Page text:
All four excavation points were deeper than five feet and required a trench protection system per Occupational Safety and Health Administration (OSHA) regulations.

“The first thing we considered were trench boxes; possibly using the equipment that we had in our fleet or we could easily rent,” explained Snode. “We realized with the soil conditions and the existing utilities that were in the ground, plus the surrounding buildings, dropping in a box just wasn’t going to work.”

What’s more, with a highway and an apartment complex on each side, workers would be unable to vibrate in any sheeting or drive in a lag wall. “So when we got down to it, really the only thing that would facilitate our need was a dig-and-push shoring system,” said Snode. This allowed them to install a Slide Rail by sliding steel panels, similar to trench shield sidewalls, into integrated rails on vertical steel posts, and then push the panels and posts down as a pit is dug.

SSI worked with shoring equipment supplier Baker Corp. and needed to convince Ohio Department of Transportation (ODOT) that it would work and meet necessary safety requirements despite the difficult site conditions. After reviewing how the Slide Rail system works, going over the installation and removal process, and proving how the process meets safety guidelines with the ODOT, the team was given the green light.

Targeting the underground system from top to bottom—or downstream to upstream—SSI was able to uncover and reroute an existing sewer line. Utilizing the same Slide Rail components from the first excavation, the second pit was dug and shored for the installation of the four deep pre-cast sump manholes, which contain the hydrodynamic separators.

The third pit widened and lengthened the shored space just by adding a few more Slide Rail components, which allowed SSI to install inflow and outflow vaults and four 18-inch intake/outtake lines. “That’s where the manifold separates the water through the four, deep, sump manholes and through the screening process to clean it before it reenters the new piping that we built into Short Street,” Snode explained.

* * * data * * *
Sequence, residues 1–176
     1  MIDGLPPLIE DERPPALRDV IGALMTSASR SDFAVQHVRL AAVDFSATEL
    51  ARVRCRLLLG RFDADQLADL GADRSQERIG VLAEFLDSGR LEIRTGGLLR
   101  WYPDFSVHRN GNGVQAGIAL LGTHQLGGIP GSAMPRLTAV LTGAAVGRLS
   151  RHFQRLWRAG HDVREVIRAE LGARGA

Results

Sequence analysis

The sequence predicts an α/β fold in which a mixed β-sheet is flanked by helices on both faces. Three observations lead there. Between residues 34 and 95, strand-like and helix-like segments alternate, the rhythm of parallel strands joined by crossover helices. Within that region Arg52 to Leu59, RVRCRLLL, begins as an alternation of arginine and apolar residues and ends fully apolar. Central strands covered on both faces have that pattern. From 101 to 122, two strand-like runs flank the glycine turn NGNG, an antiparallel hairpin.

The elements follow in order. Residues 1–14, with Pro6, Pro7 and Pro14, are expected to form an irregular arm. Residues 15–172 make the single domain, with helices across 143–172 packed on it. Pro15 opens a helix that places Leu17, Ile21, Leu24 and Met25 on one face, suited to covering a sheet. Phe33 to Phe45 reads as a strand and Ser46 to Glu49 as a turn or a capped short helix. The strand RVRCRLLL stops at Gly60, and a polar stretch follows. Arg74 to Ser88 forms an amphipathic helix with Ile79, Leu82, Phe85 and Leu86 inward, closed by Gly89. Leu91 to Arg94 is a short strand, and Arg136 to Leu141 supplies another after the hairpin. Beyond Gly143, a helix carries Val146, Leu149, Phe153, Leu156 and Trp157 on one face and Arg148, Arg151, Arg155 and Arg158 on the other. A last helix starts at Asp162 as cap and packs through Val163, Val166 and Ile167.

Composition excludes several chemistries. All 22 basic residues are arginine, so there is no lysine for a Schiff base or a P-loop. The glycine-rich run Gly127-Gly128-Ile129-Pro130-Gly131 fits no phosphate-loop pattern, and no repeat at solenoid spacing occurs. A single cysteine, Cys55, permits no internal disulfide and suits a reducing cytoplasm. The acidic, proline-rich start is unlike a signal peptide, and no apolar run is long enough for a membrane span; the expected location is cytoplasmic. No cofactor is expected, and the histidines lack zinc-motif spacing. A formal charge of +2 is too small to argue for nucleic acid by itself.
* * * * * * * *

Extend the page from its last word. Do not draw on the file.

Using shoring manufacturer Efficiency Production’s Slide Rail System—a leader in versatile trench shielding and shoring systems are designed, specifically for safe and cost effective installation of utility systems and infrastructure improvements—the system was successfully approached.

Because of the flexibility of Efficiency’s Slide Rail System, SHELLY & SANDS were able to make “on-the-fly” design changes to the shoring system when the large 96 inch existing storm sewer was not in the exact location indicated in the site plan.

The fourth pit was excavated for an 18 by 11 by 28- foot tall pre-cast chamber which intersects a 96-inch existing storm sewer and diverts the flow through a more conventional 42-inch line down to the treatment structures. As the largest of the four excavations, it was shored with a 29 by 38 by 32-foot deep ClearSpan™ configured Slide Rail System.

Completed in June 2017, the new sewer system is working efficiently and currently undergoes standard maintenance procedures for storm sewer systems.

The entirety of the Interstate 70/71 Columbus Crossroads project will take approximately seven years to complete. The project will add an additional lane in each direction on I-70/71, eliminate several free-flow ramps at downtown street intersections, add a new ramp for I-70 eastbound to Parsons Avenue, and improve safety at three of the state’s Top 10 Crash Locations.

Carina Calhoun is Editor-at-Large for American Infrastructure magazine. She may be reached at ccarina@penpubinc.com